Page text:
It is well known that Venezuela is in a deepening mess that is here to stay for long. It no longer matters what lead to the crisis and different sources have different versions of the story to tell. Violence and looting, has surrounded the country side on a normal day. It is little different from terrorism for innocent civilians, desperately searching for meaning and direction. Watch group observatory for violence said that on an average around 10 lootings are taking place daily where people are searching for rice to detergents to toilet paper and also beer. Lack of electricity has created massive rolling blackouts. Large scale violence has engulfed Venezuela and people are robbing and killing for a living. Going by records, Venezuela’s capital is the most violent city in the world with the highest rate of global homicides. The kidnapping rate when compared to countries like Afghanistan and Iraq and Syria also remains high in Venezuela. This is clearly a society in distress.
International humanitarian organizations are yet to arrive in bulk as the government is showing heightened levels of arrogance to accepting global help.
Amidst all the economic disruptions the health impact that is being built on Venezuela is pushing the civilians to the brink and is almost a unique man made humanitarian disaster. Venezuela’s economy is one of the worst in the world and according to the International Monetary Fund, the recession and downward spiral in economy will remain until 2019. Inflation grew upto 500% this year and this is not a very encouraging sign for the future of the Latin American country.
Venezuela’s top three universities showed that people were eating less than three meals a day, which was revealed through a research study. Eating less will naturally lead to decreased nutritional intakes and will eventually make civilians vulnerable to certain diseases. Children who do not get food and are under 5 years old, will go into malnutrition that remains a significant problem in Venezuela. Doctors have abandoned hospitals and left the place because of gross distress. No doctors in hospitals means the end in view for those patients on palliative care and those suffering from chronic diseases. What is alarming is that the International community has not yet understood the magnitude of the problem and global aid has not yet started coming into Venezuela. The global media are far too isolated and have not felt the desperation of the situation. Possibly for countries in Europe and Asia, Latin American Crisis gets neglected attention. El Guri Dam, the country’s main power generating source is at new record low level and the government blames drought to run away from taking responsibility and fixing the problem. In the light of this emergency, the United Nations should pressurise the International Community and the diplomatic wings to tell the world of this deepening crisis. The global health community are tearing their heads apart. From juggling the African health situation which struggles for basic health care, to addressing migrant issues on health in Europe, to focusing on war zones and depleting health work-force in those conflict zones, to facing disasters and emerging infections, to address rising burden of non-communicable diseases and to pacify road injury victims, increased spending and increased corporate spending for social responsibility should become the dictum of the day.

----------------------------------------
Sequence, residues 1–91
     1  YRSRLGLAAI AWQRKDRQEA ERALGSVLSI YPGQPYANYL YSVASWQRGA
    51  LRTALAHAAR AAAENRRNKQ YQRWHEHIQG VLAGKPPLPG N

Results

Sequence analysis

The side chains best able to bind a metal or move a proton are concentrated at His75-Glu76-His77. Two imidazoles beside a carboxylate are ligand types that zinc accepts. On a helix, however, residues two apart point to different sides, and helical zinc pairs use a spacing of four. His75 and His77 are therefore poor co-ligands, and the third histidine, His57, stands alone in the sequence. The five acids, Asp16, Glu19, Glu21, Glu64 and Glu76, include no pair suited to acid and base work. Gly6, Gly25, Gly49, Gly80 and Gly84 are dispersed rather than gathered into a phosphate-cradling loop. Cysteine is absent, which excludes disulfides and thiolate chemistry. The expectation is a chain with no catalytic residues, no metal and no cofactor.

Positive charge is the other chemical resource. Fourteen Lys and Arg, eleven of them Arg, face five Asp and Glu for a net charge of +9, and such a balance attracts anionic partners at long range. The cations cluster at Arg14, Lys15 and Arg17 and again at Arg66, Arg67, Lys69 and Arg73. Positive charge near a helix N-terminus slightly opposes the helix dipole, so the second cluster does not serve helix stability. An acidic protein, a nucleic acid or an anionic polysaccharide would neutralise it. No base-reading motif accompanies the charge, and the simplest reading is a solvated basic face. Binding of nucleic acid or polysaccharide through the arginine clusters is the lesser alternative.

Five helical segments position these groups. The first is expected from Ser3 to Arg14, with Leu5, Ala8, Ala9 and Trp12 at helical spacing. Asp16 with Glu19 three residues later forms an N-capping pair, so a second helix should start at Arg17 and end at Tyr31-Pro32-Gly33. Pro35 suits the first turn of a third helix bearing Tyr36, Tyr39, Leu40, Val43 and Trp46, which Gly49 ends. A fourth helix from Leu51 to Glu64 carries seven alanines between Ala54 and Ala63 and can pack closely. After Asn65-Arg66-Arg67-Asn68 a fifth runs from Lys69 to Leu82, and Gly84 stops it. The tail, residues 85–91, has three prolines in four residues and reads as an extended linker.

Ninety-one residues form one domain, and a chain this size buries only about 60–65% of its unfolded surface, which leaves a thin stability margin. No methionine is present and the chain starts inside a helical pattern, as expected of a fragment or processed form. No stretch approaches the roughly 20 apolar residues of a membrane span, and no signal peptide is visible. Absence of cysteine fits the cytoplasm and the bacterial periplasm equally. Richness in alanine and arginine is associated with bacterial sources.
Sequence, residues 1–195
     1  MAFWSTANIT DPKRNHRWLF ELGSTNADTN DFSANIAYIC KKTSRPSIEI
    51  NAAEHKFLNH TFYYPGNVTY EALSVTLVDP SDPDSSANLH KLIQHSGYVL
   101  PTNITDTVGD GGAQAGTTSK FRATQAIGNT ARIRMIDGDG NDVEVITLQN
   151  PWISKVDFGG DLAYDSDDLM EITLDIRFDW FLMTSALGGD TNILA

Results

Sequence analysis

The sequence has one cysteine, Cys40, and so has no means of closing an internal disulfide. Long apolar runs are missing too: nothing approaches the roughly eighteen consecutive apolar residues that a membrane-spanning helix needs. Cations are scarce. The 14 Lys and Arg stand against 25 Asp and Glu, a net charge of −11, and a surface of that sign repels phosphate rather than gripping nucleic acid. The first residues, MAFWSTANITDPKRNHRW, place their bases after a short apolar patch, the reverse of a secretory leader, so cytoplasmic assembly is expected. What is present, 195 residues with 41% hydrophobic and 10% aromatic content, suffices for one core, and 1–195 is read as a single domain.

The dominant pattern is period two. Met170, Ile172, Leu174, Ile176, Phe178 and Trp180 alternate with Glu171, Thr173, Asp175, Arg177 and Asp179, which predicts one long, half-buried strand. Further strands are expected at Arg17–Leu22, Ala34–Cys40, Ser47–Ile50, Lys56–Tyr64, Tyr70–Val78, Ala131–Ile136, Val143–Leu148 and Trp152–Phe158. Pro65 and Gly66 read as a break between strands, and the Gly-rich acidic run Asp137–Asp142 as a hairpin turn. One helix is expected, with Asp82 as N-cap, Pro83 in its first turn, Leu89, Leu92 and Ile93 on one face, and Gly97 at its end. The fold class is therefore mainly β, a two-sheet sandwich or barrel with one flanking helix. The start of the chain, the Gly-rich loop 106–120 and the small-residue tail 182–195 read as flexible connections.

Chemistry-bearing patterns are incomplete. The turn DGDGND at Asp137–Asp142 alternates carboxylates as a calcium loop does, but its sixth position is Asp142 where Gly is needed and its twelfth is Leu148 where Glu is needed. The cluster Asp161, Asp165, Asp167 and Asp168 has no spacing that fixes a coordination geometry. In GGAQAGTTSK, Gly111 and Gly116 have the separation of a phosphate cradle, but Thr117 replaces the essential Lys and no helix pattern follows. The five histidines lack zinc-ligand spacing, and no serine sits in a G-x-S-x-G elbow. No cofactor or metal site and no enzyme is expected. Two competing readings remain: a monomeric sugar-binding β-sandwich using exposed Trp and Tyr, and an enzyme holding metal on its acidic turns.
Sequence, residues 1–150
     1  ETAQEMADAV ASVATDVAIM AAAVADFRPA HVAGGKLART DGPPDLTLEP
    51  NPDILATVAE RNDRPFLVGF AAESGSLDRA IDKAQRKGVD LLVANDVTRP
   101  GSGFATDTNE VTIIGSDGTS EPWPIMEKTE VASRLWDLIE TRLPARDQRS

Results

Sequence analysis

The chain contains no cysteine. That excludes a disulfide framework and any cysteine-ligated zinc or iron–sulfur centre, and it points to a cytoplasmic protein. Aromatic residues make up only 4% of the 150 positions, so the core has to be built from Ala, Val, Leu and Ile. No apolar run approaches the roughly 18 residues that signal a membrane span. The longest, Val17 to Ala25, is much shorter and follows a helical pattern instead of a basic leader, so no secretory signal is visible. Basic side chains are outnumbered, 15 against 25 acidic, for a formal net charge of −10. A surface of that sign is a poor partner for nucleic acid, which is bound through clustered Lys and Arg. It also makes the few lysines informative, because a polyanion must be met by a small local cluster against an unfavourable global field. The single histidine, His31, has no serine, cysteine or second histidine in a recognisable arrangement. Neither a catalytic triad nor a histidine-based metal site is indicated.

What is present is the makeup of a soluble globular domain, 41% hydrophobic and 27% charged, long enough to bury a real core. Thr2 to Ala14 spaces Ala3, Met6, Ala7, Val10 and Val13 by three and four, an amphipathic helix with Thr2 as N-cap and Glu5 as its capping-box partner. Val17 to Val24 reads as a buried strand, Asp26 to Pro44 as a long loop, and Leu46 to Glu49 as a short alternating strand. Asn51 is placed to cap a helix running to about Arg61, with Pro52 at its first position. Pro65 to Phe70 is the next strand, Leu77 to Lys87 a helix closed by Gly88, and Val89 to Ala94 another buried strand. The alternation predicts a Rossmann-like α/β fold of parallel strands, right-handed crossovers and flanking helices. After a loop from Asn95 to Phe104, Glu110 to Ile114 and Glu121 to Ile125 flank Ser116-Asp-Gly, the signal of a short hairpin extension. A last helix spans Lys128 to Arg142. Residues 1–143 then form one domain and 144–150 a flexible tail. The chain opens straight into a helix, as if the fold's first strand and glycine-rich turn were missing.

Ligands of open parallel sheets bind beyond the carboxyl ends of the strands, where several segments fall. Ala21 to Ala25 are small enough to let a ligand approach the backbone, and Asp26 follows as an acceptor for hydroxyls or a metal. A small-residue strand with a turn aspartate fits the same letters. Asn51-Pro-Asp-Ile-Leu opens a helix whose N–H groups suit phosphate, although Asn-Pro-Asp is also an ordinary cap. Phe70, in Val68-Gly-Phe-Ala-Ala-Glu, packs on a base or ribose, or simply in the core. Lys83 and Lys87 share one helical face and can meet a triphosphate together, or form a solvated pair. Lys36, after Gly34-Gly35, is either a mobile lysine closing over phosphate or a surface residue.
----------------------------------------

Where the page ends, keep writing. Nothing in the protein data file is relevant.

Venezuela’s Government is in distress, it cannot afford to pay for products like sugar, eggs, flour and milk. In the light of sugar crisis, the global giant of beverages, Coke announced stoppage of its outlets in Venezuela. Government officials work only twice a week to save electricity and medical supplies are getting scare. The nation’s 30 million people are only counting on hope and prayer to resurrect them from this crisis.
Are we listening?
Recently in a statement, The Ministry of Health, Venezuela said that 75 % of the medicines described as “essential” is not existing in Venezuela and with the added burden of Zika virus epidemic doing the rounds, the collapse of the health system is imminent. However, the health system’s decline will not only paralyze Venezuela’s citizens, it is going to create devastating impact on neighbouring countries like Colombia and Guyana which is already in political crisis.
The solution to the above is straightforward. International pressure on the Venezuela Government to encourage and appeal to outside help needs to be stepped up, to seek soft loans from other nations and to take tough decision to reduce inflation. To address health care as a very very urgent mandate and permit outside health workers to remain in the country for at least a year. In answering some of these basics, we will be able to move forward slowly, very slowly.
TIMES OF INDIA